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Custom-Publishing Firms Emphasize Web



By
11/30/2006

by Marrecca Fiore

Custom publishing is booming and it's not just limited to print. VNU's Progressive Grocer designed custom Web sites for Anheuser-Busch that supply beer lovers with a variety of news and information, and give the client a format to promote its products."We're in a market that is not traditionally ready for the digital age," publisher Judith Princz said at a recent ABM event. "But my company is very ready for digital and we can connect in a variety of ways."

Primedia recently designed a micro-site for Ford Motor Co. that combines promos for the Ford Expedition with content from Primedia's outdoors group. "We work with Ford and their agency on what type of content would be best for a site like this," explains David Fireman, director of business development for the outdoors group. "Then we reach out to all our publications. We have a huge event content component and we also tap into our video capabilities."

Custom publishers of all stripes;both within existing companies and boutique firms;are finding that Web sites often are cheaper to build than a custom print publication, costing somewhere in the high four-figure or low five-figure range to build, say those who design them. "The use of interactive is a cost-effective medium in which one can get extremely relevant and contextual," says Redwood Custom Communications CEO Eric Schneider, whose company sees about 15 percent of its overall custom publishing business come from custom Web-site development.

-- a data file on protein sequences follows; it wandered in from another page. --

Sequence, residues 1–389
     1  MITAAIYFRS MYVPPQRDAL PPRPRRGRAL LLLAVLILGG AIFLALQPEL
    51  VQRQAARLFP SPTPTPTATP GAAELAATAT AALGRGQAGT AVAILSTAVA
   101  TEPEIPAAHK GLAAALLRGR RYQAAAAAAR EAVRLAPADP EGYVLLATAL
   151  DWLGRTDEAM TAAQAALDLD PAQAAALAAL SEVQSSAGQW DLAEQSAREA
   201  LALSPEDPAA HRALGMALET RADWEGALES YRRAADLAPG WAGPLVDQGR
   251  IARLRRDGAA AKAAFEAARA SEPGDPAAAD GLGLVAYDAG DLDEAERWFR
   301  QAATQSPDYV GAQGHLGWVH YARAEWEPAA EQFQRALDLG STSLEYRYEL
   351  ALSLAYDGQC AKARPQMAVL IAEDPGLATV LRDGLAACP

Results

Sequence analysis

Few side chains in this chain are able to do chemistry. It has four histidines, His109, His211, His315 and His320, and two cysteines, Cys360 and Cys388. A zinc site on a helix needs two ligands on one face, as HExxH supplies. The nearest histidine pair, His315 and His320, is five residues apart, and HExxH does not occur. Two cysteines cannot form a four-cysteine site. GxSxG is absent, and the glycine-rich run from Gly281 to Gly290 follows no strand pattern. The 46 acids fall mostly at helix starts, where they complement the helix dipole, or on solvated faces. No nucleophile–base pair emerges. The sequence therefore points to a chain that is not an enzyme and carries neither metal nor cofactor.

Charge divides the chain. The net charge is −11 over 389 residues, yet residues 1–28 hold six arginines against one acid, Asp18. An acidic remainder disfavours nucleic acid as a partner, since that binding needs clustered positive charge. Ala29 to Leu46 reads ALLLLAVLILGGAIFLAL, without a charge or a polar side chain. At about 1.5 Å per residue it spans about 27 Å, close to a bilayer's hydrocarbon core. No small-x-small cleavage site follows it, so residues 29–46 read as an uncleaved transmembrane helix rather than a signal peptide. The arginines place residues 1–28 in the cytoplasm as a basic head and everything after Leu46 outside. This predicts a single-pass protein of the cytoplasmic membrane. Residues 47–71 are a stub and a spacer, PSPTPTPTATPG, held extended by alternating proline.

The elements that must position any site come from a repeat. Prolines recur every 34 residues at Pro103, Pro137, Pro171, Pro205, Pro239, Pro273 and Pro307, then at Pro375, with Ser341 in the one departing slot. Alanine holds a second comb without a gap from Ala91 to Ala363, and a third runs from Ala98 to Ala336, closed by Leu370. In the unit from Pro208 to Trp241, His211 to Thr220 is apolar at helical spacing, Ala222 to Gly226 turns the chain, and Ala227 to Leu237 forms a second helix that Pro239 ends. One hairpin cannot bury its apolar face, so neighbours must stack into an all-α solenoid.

Cost Comparison
"You're going to pay the same amount for the content whether it's in print or online," says Craig Waller, chief management officer for Pace Communications. "Our way of making money is through our design and editorial expertise, so that's not going to change regardless of the method of delivery. It just happens to be more expensive to put that content in print because of the printing costs, which get passed along to the client."

For a publisher like Primedia, a micro-site or custom Web site could be offered as an add-on value to a package purchased by an advertiser. "It's a multiplatform program," Firemen says. "There's an editorial component, a video component, an events component, so it's all those built together that determine what the cost will be. If it's an add-on, it could be free. But it also could be very expensive."

Still, advertisers should first make sure they have an online audience before launching a site, said Waller, whose company recently designed a site for outdor apparel manufacturer The North Face.

Unlike a magazine, a Web site can't be dropped in someone's mailbox so there must be a way to get people to the site. "They've got to be online and their customers need to be online," he says. "In North Face's case, they had a reasonable acquisition of e-mail addresses. They had a lot of existing Web site traffic and they have a very loyal customer base. And they thought this would be a great way to communicate with them."

By
11/30/2006







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